Corporate acquirers are number one no more.
For the first time last year, deep-pocketed private equity firms grabbed a bigger share of the North American M&A market than did corporate acquirers.
All told, private equity firms acquired 6,069 companies with at least $10 million in enterprise value last year, according to data from deal-sourcing platform provider SPS by Bain & Co. That represented 53 percent of the 11,556 companies that changed hands.
Strategic investors, meantime, acquired 5,487 companies, for a slightly smaller, 47 percent share of the market.
Private equity firms have come close to parity with corporate buyers in recent years. They posted market shares of 49 percent in both 2018 and 2019 before falling just short of 50 percent in 2020.
But it’s a relatively new phenomenon. As recently as 2014 their market share was just 42 percent; in 2013 it was 41 percent.
Ron Kahn, a managing director at Chicago investment bank Lincoln International, and co-head of U.S. valuations and opinions groups, pointed to the growing war chests of financial buyers as perhaps the biggest factor behind their surge in market share.
Enchanted by high returns on past investments, institutional investors have been pouring money into buyout funds. Around the world buyout firms raised $387 billion in fresh commitments in 2021, the second highest tally on record, according to Bain & Co. That single year’s take alone equates to roughly a trillion dollars in buying power.
“Private equity firms have amassed so much capital today. They’re bigger than ever,” said Kahn. “Their ability to compete with strategics is better than ever.” Other reasons for the rise in financial buying, according to Kahn:
- Buy and Build Strategy: In the past, corporate acquirers often outbid private equity firms in auctions on the expectation of cost-savings, cross-selling opportunities and other synergies. But the enormous popularity of the buy and build strategy, in which private equity firms acquire and combine a series of companies over time, means they have the same opportunities. According to data from SPS by Bain & Co., last year financial sponsors acquired 2.3 add-on acquisitions for every standalone buyout. That was up from 1.8 in 2019 and 1.4 in 2015.
- High Valuations: Big price tags for private companies can give pause to both financial sponsors and corporate acquirers. But financial buyers, typically organized as private limited partnerships, don’t have to worry about their own share price when bidding. That’s not so for publicly traded companies. Yes, they can use their shares as currency, which can be an advantage during bull markets. But shareholders rarely look favorably on high-priced acquisitions that are dilutive to earnings per share. And that can give financial buyers an edge in auctions.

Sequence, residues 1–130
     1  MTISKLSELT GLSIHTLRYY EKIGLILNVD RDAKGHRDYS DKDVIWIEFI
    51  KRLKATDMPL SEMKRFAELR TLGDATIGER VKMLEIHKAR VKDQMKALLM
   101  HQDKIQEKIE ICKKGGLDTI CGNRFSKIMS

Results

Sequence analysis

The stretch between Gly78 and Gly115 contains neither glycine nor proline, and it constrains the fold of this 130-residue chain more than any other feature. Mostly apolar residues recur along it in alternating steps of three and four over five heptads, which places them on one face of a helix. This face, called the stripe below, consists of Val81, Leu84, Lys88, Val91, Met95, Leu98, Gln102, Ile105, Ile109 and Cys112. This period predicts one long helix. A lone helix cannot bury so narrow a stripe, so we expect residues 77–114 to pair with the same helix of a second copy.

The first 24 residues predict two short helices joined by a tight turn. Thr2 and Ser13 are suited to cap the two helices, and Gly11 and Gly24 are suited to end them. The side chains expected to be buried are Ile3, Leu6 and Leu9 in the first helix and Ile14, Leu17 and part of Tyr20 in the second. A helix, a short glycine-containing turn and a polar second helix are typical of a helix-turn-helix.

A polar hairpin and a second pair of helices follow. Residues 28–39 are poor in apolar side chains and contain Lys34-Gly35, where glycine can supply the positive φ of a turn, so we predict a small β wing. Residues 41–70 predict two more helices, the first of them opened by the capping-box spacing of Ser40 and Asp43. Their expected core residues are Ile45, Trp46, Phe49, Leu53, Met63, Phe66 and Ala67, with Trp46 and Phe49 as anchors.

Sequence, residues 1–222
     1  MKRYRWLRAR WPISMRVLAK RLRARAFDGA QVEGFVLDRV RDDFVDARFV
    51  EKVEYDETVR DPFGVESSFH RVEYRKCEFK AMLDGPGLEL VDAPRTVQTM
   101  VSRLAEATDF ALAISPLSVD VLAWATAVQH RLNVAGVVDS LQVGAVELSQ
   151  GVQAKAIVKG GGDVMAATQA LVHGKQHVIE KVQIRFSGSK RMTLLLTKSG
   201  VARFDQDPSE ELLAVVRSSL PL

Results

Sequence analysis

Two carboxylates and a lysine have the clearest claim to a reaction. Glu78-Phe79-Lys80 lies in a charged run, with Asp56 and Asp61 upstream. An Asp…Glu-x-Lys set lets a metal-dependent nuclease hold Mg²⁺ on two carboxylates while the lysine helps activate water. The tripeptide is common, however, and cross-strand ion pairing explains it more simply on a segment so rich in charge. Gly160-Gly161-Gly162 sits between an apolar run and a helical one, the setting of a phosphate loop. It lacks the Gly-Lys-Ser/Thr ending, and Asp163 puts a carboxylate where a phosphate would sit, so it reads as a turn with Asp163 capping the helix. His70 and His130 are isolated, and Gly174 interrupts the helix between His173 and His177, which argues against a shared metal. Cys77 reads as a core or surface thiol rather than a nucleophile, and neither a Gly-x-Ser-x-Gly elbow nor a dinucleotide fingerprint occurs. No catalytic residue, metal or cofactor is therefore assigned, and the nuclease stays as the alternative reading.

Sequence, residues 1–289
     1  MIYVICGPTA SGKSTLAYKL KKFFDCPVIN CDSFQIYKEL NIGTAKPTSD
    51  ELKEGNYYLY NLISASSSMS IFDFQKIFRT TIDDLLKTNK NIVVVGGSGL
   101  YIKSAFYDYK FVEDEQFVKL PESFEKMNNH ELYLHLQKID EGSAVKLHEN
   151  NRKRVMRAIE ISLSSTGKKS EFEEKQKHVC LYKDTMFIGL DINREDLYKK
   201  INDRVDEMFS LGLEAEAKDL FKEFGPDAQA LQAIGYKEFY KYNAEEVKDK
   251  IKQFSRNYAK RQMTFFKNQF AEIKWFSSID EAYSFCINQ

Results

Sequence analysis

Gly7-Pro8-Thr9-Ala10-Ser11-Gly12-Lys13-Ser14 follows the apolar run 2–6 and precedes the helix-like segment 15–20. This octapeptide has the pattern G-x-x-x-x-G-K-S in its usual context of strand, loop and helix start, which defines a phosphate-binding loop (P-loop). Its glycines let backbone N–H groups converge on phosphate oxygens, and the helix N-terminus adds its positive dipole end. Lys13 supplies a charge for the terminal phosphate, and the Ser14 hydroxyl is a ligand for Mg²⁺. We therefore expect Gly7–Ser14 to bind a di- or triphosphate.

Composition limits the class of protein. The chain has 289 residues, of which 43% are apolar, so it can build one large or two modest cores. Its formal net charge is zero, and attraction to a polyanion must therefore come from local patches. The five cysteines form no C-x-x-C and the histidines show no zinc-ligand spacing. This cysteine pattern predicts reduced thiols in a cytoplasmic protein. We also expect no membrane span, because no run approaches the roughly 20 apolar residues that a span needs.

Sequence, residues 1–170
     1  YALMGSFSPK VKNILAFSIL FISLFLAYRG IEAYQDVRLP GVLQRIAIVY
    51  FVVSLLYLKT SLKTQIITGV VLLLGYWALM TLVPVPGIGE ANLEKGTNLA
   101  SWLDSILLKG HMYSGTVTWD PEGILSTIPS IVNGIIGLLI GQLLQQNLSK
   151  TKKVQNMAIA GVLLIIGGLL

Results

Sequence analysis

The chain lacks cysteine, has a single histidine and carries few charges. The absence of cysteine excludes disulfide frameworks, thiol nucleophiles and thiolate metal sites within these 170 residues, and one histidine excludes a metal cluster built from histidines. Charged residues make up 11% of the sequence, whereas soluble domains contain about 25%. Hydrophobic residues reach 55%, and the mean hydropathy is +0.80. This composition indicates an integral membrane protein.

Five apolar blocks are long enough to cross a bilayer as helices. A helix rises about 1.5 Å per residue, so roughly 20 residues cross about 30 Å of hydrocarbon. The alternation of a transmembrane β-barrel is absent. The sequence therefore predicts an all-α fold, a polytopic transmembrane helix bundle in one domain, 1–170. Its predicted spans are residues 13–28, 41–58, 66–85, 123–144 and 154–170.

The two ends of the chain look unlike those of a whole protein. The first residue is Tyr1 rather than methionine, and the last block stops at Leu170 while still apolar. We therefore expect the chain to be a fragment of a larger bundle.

- Growing Familiarity: Thirty years ago, owners of many family-run businesses were loath to sell to financial buyers. Hollywood, for one, depicted private equity executives as soulless Wall Street barons who broke up companies for profit and fired rank-and-file workers. Think Gordon Gekko and his famous line in the 1987 movie Wall Street: “Greed, for lack of a better word, is good.” But time and experience have tempered those prejudices. Many executives today actually prefer private equity to corporate ownership. They like the idea of getting an allocation of equity in their own companies that they can cash out of in a few years—a hallmark of the private equity model.
- Creative Structures: Corporate buyers as a rule don’t have as much flexibility when it comes to deal structure. They might insist on buying 100 percent of a company, say, and moving it halfway across the country. Take it or leave it. Financial buyers, by contrast, pride themselves on negotiating creative deal structures in a bid to keep sellers happy. Does the seller want to maintain a minority stake post-transaction? Or even a majority stake? Provided they can meet their return expectations, financial buyers find a way to make it happen.
- Flexible Time Horizons: The knock on financial buyers used to be that they had short-term investment horizons of three to five years. That’s when they would be compelled to sell again or take a company public so they could return capital to their institutional backers. That can be off-putting to sellers who’d prefer a long-term, stable home for a company. Today, however, the GP-led secondary market allows financial buyers to hold companies for extended periods of time, as has the advent of long-duration funds designed for longer hold periods.